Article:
A German exercise to foster élite universities began inauspiciously but is a step in the right direction.
The German economy, along with the nation's self-esteem, has been staging a recovery of late after a long period of stagnation. Science seems to be enjoying a parallel renaissance. But structural changes are essential if the country's research system is to remain internationally competitive.
Science has long held a prominent place in German society. However, its institutions and practitioners have sometimes been slow to adapt to changing circumstances — notably the rapid emergence of biotechnology and molecular medicine, the increased internationalization of science, and the desire of many scientists to be involved in the commercialization of their work.
Nonetheless, the German government has continued to steadily increase its investment in science. Germany has benefited immensely from an influx of scientific talent from central and eastern Europe. And efforts have been undertaken to reverse the brain drain of scientists from Germany, with several initiatives aimed at bringing researchers home from the United States.
The main concern is the weakness of Germany's top universities relative to their rivals abroad. Germany's rigid federal structure and its tendency to treat all its universities on an equal basis have contributed to a situation in which no German research university has established itself in the top global tier. According to a survey by the Shanghai Jiao Tong University, for example, no German university is among the world's top 50.
The government has responded to this challenge with an 'excellence initiative' that will reward universities with particularly convincing concepts in collaborative research and postgraduate training. The first winners were announced on 13 October, and the outcome disproves fears that political considerations might have influenced the selection.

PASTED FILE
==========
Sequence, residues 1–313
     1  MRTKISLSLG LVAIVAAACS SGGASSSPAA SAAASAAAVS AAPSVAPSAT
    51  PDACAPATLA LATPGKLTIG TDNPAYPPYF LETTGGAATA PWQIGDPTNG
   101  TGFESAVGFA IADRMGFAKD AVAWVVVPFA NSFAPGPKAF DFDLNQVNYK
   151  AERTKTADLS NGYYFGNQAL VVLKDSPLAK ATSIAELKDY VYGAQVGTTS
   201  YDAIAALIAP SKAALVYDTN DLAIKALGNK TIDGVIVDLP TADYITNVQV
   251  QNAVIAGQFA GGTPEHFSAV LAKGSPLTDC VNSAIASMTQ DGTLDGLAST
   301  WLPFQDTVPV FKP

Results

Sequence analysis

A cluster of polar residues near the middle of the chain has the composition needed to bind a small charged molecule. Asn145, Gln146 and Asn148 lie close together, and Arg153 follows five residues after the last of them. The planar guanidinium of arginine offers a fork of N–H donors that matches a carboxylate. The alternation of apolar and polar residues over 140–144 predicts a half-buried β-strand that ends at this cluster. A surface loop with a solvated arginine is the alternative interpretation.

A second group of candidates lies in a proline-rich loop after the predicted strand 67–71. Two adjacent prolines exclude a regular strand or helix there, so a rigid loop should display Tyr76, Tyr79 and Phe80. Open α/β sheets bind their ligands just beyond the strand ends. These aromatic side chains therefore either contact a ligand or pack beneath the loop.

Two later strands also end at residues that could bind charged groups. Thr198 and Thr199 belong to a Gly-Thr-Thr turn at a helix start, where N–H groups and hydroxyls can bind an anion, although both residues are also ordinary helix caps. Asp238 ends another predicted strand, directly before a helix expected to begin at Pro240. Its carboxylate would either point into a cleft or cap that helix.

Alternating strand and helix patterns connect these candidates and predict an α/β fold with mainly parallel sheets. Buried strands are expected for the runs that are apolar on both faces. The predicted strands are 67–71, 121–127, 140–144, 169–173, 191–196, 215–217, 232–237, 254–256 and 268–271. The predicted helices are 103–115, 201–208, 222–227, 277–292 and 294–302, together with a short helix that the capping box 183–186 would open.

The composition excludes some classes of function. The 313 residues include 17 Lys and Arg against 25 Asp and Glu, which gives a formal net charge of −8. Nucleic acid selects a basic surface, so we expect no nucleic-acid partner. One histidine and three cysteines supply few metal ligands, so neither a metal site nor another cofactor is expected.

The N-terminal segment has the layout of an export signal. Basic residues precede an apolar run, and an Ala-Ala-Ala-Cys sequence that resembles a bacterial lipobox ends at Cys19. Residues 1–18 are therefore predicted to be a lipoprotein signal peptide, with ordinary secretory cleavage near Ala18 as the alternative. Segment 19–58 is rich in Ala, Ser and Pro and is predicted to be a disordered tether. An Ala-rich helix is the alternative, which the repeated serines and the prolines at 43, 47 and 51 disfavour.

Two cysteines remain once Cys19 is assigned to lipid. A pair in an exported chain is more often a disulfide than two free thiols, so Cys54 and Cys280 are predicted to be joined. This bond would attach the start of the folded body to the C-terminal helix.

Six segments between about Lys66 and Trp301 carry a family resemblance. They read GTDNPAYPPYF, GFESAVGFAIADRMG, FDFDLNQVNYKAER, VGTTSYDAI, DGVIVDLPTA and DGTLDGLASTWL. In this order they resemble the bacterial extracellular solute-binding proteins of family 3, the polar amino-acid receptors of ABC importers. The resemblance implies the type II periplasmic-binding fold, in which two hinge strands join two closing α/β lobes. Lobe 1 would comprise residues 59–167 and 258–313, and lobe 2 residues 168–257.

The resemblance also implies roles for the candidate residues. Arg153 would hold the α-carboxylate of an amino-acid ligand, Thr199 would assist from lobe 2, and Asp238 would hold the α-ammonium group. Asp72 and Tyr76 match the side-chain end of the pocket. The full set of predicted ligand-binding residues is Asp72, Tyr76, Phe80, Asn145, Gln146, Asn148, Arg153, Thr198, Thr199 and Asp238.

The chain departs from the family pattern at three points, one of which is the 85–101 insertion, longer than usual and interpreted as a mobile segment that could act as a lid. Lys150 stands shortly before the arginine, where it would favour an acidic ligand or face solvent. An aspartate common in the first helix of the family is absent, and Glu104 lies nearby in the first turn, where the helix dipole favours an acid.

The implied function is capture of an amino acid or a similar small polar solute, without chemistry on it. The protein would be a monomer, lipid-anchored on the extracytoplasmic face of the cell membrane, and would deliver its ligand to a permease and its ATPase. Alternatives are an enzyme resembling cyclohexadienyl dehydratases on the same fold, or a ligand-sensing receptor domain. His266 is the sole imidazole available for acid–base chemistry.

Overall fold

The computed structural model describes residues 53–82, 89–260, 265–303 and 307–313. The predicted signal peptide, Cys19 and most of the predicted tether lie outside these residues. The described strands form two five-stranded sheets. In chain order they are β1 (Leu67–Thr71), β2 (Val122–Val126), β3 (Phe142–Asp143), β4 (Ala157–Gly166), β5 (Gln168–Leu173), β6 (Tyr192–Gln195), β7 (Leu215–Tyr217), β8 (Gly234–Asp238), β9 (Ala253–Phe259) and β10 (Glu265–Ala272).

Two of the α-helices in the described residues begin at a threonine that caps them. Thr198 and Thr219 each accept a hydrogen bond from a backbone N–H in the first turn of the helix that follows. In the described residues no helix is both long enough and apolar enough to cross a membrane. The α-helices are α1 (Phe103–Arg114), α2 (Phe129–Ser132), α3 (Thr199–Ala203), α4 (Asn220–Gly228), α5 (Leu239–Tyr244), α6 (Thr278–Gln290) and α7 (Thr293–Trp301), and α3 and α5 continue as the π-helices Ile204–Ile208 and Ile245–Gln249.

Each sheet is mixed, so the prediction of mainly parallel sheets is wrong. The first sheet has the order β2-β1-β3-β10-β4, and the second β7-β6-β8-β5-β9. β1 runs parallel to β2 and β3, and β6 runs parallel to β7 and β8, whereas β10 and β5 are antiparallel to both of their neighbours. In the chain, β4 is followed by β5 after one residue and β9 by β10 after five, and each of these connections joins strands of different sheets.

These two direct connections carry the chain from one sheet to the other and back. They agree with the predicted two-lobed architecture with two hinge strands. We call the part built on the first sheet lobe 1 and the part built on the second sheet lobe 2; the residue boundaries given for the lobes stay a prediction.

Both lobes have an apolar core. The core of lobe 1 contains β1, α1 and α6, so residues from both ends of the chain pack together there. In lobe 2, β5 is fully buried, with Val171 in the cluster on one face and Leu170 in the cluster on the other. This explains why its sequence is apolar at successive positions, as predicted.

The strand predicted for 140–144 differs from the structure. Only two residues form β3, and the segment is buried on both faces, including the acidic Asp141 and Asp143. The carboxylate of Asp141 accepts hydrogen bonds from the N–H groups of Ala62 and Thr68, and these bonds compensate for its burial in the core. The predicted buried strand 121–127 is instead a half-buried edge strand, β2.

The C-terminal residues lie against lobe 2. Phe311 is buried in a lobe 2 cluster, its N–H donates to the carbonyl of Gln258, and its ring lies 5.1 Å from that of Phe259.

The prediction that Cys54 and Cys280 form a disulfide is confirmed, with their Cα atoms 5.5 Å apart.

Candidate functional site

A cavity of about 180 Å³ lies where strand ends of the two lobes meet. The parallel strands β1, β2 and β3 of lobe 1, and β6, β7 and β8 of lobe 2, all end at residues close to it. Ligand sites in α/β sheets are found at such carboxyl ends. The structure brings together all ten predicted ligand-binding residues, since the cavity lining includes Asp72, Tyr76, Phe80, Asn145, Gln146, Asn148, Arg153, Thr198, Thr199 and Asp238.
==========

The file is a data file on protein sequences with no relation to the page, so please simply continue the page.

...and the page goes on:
But even if the initiative succeeds on its own terms, it will not in itself provide sufficient resources to propel the winners into the top tier of global universities. Nor will it remove the structural problems, such as the bickering between the states and the federal government over science and education, that prevent German universities from playing to their strengths.
Nonetheless, the initiative shows that Angela Merkel's coalition government is aware of the need for university reform. At the very least, it gives a handful of universities, institutes and research groups the opportunity to showcase their strengths, and provides a tidy sum of money to improve their standing further.
Additionally, the competition has forced every university to think hard about its strengths and weaknesses. For winners and losers alike, this will help them nurture promising areas of research and develop necessary collaborations across disciplines. It has injected a palpable spirit of optimism, and a healthy extra shot of competition, into the research system.
The selection of the winners on 13 October nearly became a spectacular failure when some politicians, who felt ignored by the scientific jury, allegedly threatened to call the whole thing off. In the end only three universities made the cut — the Ludwig Maximilians University Munich, the Technical University of Munich and the Technical University of Karlsruhe — rather than the expected five. But the fact that some departments in less prominent universities, such as Würzburg or Bremen, gave the winners a run for their money should be an incentive to those who lost out this time to sharpen their research profiles.
Germany's coalition government and those of its 16 states must continue to coordinate their efforts to develop the universities. There are strong indications on the ground that the dominance of the traditional, all-powerful 'Herr Professor' is fading on German campuses, to be replaced by younger laboratory chiefs with a more progressive outlook on how science should be done. That, too, augers well for the future of science at German universities.